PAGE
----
Most of the approximately 300 ministers who organized the Assemblies of God in Hot Springs, Arkansas, in April 1914 were white. (At least two were Native American.) However, African-Americans played important roles in the early decades of the Assemblies of God – at the first few general council meetings and as pastors, evangelists, and missionaries. They overcame racism (including from fellow believers), they led consecrated lives, and they helped to lay the foundation for the Fellowship. Their stories are our stories. The following vignettes offer a glimpse into the lives and ministries of these sometimes unsung heroes.

  1. William J. Seymour (1870-1922)

seymour-p5606William J. Seymour, a mild-mannered African-American Holiness preacher, is remembered as one of the most important figures in twentieth century American religious history. Just 111 years ago, he founded the Apostolic Faith Mission on Azusa Street in Los Angeles, which became home to the famed Azusa Street Revival. Hundreds of millions of Pentecostals around the world, including those in the Assemblies of God, view Seymour as a spiritual father. He would probably be surprised by the attention, as during his lifetime he was often marginalized, even within Pentecostal circles. But his persistent encouragements toward holiness, humility, racial reconciliation, and evangelism continue to shine as founding ideals of the Pentecostal movement.

  1. Charles H. Mason (1864-1961)

chmason1

Few early Pentecostals were as widely respected and admired as Charles H. Mason, founder of the Church of God in Christ. While the Church of God in Christ was a largely African-American Pentecostal denomination, Mason also credentialed numerous white ministers, some of whom ended up joining the Assemblies of God. Mason spoke at and blessed the founding general council of the Assemblies of God, and he also brought his black gospel choir from Lexington, Mississippi. E. N. Bell, the founding chairman of the Assemblies of God, called Mason “a real prophet of God.”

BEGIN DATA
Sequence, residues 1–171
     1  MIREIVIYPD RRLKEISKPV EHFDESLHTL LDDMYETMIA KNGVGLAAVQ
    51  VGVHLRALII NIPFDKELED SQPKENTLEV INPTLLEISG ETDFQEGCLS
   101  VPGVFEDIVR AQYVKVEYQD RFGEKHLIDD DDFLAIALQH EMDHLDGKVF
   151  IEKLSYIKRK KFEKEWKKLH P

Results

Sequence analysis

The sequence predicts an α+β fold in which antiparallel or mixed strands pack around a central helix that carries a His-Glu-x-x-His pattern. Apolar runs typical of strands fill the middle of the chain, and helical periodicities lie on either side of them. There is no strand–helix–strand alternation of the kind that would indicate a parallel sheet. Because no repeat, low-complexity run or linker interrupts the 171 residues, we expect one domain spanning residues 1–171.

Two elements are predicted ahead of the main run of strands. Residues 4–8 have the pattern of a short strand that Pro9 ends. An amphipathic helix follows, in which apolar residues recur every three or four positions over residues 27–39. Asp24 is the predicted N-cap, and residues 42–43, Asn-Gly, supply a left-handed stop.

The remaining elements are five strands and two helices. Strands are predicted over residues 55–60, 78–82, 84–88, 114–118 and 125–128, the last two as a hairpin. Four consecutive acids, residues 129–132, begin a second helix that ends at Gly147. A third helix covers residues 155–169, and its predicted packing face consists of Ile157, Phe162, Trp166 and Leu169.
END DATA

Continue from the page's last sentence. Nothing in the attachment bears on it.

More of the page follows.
1. Garfield T. Haywood (1880-1931)

Christian OutlookG.T. Haywood was the African-American pastor of the largest Pentecostal congregation in Indianapolis in the early decades of the twentieth century. He was also a noted theologian, author, songwriter, cartoonist, and inventor. His influence stretched far, and his congregation was racially mixed. The first issue of the Christian Evangel (later Pentecostal Evangel) included three articles by or about Haywood. He was invited to speak on the 1915 general council floor to represent the Oneness position, even though he never held Assemblies of God credentials. Haywood went on to serve as presiding bishop of the Pentecostal Assemblies of the World, a racially mixed Oneness Pentecostal denomination.

  1. Ellsworth S. Thomas (1866-1936)

Ellsworth S. Thomas holds the distinction of being the first African-American to hold Assemblies of God ministerial credentials. His name was just a footnote in the history books until recently, when new information came to light. His parents, a Civil War veteran and a laundress, were part of a free black community in Binghamton, New York, that pre-existed the Civil War. By 1900, Ellsworth had become an itinerant evangelist, he was ordained in 1913 by a Pentecostal church in Buffalo, New York, and he transferred his ordination to the Assemblies of God in 1915. He remained a faithful Assemblies of God minister until his death at age 70.

  1. Isaac S. Neeley (1865-1923) and Martha (Mattie) A. Board Neeley (1866-1940s?)

neeleyp5664Isaac and Martha Neeley were married late in life (in 1905) and became the first African-Americans to serve as Assemblies of God missionaries. They went to Liberia in 1913 under the auspices of Howard A. Goss’s largely-white Pentecostal fellowship, the Church of God in Christ (which was distinct from Charles H. Mason’s group by the same name). They transferred their credentials to the Assemblies of God in 1920 when they were home on furlough and received missionary appointment to Liberia in 1923. Isaac died just before they were set to leave, and Martha proceeded alone to Cape Palmas, where she was in charge of Bethel Home.

  1. Cornelia Jones Robertson (1891-1967)

robertsonp19200